We've never seen anything quite like it. No, we are not referring to the solar eclipse that will travel a course across the United States from Oregon to South Carolina on Aug. 21.
When it comes to taxes, reasonable people understand the basic principle that the public services we rely on do not fall out of the sky like manna from heaven.
In Sunday's edition, Lifestyles editor Jan Swoope told the story of Erik Studdard, a Columbus graphic artist with a passion for toy photography, which involves staging small toy characters in scenes, then photographing them.
When the Columbus City Council voted to hire a consultant to examine the city's police department in January, it took a big first step in improving public safety for its citizens.
Andy Boyd stood in front of a group of about 40 New Hope YMCA members Tuesday night and no one present had more "skin in the game" than he.
For close to four decades, Tyrone Ellis was a steady, moderate and respected voice in the Mississippi Legislature.
The city of Starkville took a big step to secure its economic future Thursday evening.
Nine years ago, when Dan Mullen addressed the media at the opening of fall practice for the first time as Mississippi State's head football coach, he seemed hardly able to contain his enthusiasm.
For the past five years, we have been told that, even as the economic recovery continues, Mississippians must tighten their belts, even as the Legislature cuts corporate taxes at an unprecedented rate.
The paradox. The place where a child should feel most safe is often filled with dangers, especially for toddlers and young children.
Thursday night, Caledonia held a swearing-in ceremony for a new mayor and board of aldermen.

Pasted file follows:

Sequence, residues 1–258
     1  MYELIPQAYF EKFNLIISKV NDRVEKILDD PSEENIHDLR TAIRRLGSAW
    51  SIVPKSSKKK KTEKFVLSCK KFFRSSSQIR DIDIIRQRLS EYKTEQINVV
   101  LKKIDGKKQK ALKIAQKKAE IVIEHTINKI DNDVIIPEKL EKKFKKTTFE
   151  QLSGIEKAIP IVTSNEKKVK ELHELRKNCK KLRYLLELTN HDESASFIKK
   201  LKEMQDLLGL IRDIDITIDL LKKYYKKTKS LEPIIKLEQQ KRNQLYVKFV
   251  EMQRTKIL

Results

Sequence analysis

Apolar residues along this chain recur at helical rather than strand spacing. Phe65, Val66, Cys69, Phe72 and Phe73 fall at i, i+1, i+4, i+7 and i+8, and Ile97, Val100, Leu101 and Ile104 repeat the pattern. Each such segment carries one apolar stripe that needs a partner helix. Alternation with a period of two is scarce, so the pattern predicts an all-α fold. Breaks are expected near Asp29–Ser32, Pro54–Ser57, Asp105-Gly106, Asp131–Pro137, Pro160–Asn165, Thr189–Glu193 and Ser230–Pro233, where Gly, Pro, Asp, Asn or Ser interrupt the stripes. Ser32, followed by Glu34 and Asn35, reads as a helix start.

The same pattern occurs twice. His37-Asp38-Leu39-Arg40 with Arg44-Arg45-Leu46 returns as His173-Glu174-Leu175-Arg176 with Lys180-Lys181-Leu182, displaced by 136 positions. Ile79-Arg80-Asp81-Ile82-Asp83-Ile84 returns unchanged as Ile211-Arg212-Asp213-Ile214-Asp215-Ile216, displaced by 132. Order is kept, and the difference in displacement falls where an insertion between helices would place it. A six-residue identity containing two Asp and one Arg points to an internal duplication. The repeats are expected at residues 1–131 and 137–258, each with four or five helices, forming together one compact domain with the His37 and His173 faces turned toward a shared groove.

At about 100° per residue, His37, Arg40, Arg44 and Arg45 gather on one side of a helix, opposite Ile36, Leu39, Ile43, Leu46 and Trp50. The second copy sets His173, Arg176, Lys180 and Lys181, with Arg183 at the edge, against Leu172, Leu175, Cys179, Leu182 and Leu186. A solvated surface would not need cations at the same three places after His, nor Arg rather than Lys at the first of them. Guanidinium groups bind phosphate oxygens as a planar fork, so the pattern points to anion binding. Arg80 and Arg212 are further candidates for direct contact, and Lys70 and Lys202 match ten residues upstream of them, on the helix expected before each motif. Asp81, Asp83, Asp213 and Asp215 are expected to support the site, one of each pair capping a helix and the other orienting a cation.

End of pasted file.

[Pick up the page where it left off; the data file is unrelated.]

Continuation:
Next week, the second season of the Netflix series "Last Chance U" will be available to subscribers.
It is not the oldest house in Columbus, nor is it the grandest of the antebellum homes the city is known for. But in one respect, the Williams-Glass House, also known as The Haven, is unique among our historic structures.
It's been a busy summer for the kids at the Columbus Boys & Girls Club as the club's summer program, which included 150 kids, draws to a close on Friday.
The crash of a military transport plane that claimed the lives of 16 servicemen in Leflore County on Tuesday is a tragic reminder not only of the sacrifice our military is called to make, but that what we often take for granted represents a genuine risk.
The story is an old one, yet remains relevant.
A year ago, Bill Brigham put into a motion something he had been talking about for a couple of months.
It's here. Summer, that is. We have mixed feelings about that.
In American history, July 5, 1776, doesn't get the credit it deserves.
This week, about 50 boys ages 12-to-21 will be at a camp at Mississippi State. Like any other camp, a heavy emphasis will be put on having fun and being active. And if that were all the camp achieved, it would be considered a success.
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5. Leonard Pitts: An accused child molester for U.S. Senate? Really? NATIONAL COLUMNS